When I got to the counter, I asked the man what language they were speaking.  “Navajo!” he said with a smile.  I told him that I liked how it sounded, and he responded that Navajo is a very hard language to learn.  To this I replied, “well, I guess that’s why your people were so valuable as code talkers during the war.”  “Oh,” he said, “I’m not Navajo.  I’m from Mexico!”  (What th-…?)  I asked him where in the heck he learned Navajo.  “Eh, I pick it up here and there,” he said with a shrug.  (I could say the same thing about Chiac, I thought.)  So, I decided to use the opportunity to practice my Spanish, and we completed the transaction in his own native language – which seemed to really tickle him.

I found myself missing Anne Marie in that moment.

Indian fresco on side of curios shop in Holbrook AZ

old fresco on side of curios shop in Holbrook

OK – updates on this end: I just finished crunching all of the .jpegs into movie clips for the time-lapse sequence.  This week I’ll meet with an editor to lay all 158 of them down onto a timeline, and burn a DVD to be played at the upcoming car show at Artcite.  It’s a very basic, rudimentary version of the Route 66 time-lapse sequence – this is definitely still a work in progress – but I am really looking forward to seeing them all linked together.  I think it’s going to be pretty cool once it’s all done.

I want to thank Melody Friend for curating and arranging the show of my work at Green Peas Casual Foods in Culver City.  I believe it comes down today, unless they decided to hold it over.  This was my first showing of any sort in the LA area, and I’m very grateful to Melody for all of her support over the years.  Thanks, Mel!!

As far as the hate mail goes… suffice to say, some people seem to think that it is in bad form for me to try market the work I created on Route 66.  Seems I’m not supposed to make any money from the Mother Road, even though I spent so much of my own time and money creating photographs and writing about it…

I don’t get it.  I am a photographer.  That’s what photographers do.  We explore places that are interesting to us, then we share the beauty and wonder that we find through our images.  Are we supposed to give away our work for free?  Is sharing it online for free viewing not already enough?

I understand people who are passionate about their interests, and many people are very passionate about Route 66.  It’s a glorious road, rich in history, and driving it is probably the best road trip out there.  It offers a glimpse of small-town America of days past, where people took the long road and “stopped to smell the roses”.  It’s wonderful, and I hope that more and more people opt to leave the interstate and kick around these sweet, friendly little towns.  (I finally saw the movie Cars over the holidays, by the way – and I can see how it has done a lot to promote the Route.  It’s a good thing.)  But although I love Route 66, none of this means I shouldn’t try to sell my images of it.  As most of you know, I lost my job and am trying to make a go of it as a freelance photographer/writer.  This will most likely mean I will lose my house, too.  We live in a Capitalistic society and money is a necessity.  I can’t live on air.  So, please: don’t expect me to not market my Route 66 work.  And please don’t publicly call me a “fraud”, a “fink”, a “low-down scoundrel” or a “user” when I do.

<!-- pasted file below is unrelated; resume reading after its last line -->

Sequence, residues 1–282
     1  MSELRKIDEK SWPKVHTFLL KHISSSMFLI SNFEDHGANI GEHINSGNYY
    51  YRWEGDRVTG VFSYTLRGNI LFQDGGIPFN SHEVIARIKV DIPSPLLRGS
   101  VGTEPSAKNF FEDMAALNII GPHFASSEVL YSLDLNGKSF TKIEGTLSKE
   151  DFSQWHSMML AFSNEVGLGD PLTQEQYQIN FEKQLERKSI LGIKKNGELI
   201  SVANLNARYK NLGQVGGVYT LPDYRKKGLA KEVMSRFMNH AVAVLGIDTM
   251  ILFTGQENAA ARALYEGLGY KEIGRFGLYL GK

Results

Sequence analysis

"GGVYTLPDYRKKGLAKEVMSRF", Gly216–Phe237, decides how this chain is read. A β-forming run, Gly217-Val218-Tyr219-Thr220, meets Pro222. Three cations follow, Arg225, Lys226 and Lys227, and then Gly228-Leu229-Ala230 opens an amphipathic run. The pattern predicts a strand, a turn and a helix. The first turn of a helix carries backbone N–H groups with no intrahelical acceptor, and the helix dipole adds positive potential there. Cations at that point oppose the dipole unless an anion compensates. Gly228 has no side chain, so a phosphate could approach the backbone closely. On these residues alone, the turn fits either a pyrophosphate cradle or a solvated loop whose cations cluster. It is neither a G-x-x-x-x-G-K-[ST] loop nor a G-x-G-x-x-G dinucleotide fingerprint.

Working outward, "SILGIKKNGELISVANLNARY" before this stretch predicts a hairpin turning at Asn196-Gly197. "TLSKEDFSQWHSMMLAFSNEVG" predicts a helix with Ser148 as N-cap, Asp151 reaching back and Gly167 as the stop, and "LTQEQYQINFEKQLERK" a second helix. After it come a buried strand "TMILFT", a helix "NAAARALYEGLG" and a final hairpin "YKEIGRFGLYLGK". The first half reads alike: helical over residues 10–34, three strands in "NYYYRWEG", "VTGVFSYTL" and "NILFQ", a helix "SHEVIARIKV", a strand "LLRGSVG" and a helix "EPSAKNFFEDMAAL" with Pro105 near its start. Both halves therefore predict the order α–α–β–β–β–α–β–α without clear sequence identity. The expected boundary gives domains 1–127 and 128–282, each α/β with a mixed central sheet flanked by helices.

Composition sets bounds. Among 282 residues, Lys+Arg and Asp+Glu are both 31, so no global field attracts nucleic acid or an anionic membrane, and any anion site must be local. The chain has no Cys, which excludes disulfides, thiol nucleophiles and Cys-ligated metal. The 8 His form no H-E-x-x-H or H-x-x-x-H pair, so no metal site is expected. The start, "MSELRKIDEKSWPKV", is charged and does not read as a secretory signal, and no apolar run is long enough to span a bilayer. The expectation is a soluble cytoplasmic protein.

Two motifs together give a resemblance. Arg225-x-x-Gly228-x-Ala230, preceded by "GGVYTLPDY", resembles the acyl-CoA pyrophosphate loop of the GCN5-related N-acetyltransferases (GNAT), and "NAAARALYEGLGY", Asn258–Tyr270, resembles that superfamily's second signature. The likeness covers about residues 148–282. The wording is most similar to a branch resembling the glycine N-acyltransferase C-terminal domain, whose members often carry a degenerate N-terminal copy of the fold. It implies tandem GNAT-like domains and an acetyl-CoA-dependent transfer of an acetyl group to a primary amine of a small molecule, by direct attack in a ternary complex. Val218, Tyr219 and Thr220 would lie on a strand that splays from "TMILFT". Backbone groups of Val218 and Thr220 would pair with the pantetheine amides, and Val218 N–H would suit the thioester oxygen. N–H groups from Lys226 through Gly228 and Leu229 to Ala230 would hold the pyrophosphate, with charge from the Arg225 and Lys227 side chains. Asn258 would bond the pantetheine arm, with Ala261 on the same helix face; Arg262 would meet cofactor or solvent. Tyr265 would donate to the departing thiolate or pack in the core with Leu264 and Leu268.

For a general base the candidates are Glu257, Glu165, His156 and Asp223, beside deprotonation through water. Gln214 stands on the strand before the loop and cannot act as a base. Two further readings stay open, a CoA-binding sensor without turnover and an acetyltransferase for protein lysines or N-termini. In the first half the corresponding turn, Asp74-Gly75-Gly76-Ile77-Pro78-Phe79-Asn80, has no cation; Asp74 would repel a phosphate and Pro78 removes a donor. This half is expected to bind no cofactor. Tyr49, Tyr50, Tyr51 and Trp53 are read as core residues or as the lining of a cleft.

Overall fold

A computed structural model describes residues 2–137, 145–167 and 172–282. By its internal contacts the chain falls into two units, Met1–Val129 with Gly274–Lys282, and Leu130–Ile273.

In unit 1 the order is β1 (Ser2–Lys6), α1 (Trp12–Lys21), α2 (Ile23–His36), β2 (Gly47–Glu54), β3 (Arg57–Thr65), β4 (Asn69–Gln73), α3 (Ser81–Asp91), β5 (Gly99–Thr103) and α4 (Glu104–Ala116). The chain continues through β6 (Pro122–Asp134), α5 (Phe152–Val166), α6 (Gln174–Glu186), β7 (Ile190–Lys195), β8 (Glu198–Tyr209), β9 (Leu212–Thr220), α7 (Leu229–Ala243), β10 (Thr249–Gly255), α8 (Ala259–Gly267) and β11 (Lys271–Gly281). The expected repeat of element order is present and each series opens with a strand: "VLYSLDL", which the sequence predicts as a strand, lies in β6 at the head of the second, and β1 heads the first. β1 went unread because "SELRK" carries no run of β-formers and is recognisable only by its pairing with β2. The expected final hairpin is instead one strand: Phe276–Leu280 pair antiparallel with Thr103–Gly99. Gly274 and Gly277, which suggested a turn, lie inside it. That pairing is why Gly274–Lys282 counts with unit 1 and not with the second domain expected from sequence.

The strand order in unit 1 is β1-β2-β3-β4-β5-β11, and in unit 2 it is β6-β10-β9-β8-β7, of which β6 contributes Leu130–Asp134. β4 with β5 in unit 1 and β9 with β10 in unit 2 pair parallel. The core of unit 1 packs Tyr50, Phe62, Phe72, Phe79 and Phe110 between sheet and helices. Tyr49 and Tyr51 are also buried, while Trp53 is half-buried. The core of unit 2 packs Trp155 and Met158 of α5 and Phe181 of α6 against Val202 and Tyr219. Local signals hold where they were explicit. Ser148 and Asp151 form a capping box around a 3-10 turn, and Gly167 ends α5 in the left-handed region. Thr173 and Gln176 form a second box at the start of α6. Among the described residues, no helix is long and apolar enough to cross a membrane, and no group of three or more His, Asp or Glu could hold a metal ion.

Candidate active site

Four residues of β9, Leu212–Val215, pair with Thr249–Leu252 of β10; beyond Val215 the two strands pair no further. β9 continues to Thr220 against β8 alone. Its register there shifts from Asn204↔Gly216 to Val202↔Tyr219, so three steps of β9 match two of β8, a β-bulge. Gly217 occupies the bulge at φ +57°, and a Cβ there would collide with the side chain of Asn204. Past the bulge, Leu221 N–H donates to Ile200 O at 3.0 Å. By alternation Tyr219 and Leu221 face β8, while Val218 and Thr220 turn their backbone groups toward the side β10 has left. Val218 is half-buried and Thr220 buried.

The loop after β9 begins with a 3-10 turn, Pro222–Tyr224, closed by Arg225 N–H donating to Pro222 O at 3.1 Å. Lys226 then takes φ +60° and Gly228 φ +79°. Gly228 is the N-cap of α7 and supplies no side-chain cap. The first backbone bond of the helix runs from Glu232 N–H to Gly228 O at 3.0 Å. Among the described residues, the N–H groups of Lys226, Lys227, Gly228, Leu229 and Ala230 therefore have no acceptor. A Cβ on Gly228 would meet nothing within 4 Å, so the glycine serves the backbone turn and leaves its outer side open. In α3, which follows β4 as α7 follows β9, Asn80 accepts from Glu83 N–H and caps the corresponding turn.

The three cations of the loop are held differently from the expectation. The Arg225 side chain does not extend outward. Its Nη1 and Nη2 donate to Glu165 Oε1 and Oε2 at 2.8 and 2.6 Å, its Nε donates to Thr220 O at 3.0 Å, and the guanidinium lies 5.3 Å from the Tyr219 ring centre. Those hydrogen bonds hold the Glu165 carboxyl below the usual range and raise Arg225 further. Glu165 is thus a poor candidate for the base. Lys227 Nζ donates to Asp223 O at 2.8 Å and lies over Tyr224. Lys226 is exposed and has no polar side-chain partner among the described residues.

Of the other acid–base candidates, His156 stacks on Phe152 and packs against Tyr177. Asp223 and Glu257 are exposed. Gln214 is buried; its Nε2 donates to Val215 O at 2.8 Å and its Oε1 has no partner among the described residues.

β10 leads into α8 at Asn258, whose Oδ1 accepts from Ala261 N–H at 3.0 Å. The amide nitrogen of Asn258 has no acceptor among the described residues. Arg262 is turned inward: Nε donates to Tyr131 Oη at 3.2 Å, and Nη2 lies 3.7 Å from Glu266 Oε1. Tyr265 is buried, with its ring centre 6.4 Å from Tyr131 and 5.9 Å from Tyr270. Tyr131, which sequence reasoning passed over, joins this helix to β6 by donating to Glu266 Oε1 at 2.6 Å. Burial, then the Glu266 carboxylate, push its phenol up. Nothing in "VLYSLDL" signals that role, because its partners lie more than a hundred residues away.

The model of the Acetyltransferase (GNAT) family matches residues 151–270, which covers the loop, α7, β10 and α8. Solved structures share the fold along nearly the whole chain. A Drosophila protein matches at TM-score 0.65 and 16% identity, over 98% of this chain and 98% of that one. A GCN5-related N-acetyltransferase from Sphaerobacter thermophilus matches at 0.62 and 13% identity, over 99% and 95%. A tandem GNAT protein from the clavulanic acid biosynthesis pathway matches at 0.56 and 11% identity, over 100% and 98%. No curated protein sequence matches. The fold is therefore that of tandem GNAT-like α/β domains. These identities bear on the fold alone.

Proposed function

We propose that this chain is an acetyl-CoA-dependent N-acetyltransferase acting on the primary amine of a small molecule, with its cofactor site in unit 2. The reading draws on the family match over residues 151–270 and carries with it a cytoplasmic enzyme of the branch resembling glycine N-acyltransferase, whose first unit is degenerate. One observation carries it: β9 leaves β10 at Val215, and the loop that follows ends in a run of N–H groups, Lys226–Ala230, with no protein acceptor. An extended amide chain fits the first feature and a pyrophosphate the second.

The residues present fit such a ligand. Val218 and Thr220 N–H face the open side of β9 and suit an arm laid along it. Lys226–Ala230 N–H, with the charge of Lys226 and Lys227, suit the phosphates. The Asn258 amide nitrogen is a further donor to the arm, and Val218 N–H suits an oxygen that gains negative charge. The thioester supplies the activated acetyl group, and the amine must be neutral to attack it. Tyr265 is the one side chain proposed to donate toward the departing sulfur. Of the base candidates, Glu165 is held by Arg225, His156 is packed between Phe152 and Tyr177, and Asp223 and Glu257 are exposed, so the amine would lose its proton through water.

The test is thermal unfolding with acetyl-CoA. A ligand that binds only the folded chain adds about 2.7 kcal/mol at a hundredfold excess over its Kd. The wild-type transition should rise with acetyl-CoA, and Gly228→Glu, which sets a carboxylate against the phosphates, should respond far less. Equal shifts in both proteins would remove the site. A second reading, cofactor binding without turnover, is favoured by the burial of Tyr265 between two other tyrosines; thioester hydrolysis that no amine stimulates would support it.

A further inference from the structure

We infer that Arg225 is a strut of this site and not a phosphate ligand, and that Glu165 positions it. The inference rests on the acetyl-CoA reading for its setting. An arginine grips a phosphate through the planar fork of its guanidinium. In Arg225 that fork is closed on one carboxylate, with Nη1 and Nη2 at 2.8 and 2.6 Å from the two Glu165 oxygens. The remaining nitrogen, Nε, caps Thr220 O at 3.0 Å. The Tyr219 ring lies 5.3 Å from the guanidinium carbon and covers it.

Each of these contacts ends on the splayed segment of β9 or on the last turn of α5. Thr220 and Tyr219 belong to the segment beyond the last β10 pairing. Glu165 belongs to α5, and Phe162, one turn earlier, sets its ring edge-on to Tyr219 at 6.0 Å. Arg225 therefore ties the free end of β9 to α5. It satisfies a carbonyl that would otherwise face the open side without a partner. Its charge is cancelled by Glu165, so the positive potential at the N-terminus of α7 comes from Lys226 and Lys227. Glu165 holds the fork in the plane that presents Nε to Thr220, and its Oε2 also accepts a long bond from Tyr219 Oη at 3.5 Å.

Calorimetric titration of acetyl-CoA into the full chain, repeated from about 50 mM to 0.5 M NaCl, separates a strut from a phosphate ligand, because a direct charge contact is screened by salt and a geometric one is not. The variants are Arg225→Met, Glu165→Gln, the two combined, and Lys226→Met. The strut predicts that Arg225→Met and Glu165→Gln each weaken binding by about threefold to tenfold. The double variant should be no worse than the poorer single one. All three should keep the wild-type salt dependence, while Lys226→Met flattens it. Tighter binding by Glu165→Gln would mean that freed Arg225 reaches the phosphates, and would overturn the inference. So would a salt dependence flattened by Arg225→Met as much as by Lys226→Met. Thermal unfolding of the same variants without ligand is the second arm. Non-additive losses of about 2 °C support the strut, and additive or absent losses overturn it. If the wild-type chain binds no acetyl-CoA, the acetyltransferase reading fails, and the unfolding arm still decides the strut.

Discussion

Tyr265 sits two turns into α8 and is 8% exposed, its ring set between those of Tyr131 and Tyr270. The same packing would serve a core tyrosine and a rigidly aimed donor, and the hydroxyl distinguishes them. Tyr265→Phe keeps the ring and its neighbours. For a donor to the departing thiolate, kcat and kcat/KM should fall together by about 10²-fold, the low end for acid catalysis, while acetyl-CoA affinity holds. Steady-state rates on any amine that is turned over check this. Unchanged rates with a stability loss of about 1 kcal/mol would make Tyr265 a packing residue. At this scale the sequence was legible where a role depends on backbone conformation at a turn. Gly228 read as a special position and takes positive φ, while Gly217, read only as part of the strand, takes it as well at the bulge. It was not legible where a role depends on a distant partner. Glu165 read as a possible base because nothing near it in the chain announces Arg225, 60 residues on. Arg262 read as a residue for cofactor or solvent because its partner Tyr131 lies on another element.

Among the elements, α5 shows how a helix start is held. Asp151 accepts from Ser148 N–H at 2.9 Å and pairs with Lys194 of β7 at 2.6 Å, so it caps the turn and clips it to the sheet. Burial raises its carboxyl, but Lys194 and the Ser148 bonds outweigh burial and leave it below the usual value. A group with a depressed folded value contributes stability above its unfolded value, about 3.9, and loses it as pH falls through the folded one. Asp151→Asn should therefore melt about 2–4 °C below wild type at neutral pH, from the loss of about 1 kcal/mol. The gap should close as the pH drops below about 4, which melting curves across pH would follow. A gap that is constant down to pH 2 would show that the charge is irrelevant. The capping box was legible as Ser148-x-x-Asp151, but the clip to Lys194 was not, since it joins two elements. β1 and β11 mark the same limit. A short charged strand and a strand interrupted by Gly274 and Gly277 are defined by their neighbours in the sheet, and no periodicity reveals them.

One thing I learned from the experience: fanatics can actually do more harm than good to their own cherished causes.  This angry man who claims to love the Mother Road so deeply is actually doing it a disservice by attacking those who don’t revere it in the way he thinks we should.  It is a real shame.  There should be a place for – and an acceptance of – everyone on the Route.

the famous WigWam Motel

the famous Wigwam Motel in Hobrook - more on this place later on

Fortunately there are people who are thankful for what I do, and their moral support is awesome.  I really need to thank many of you for that – and I especially want to thank Larry for the incredibly insightful email he sent once he realized my confidence was shaken.  Larry, I printed that thing out and read it daily.  Thank you so very, very much.  I hope to meet and thank you in person one day.

…enough on that!  Time to press on!  Back to the time-lapse now.  Thanks for reading.

And, play nice.  :)

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Sunday, December 20th, 2009

TSB is right: I should keep chasing pavements.  I’m good at it.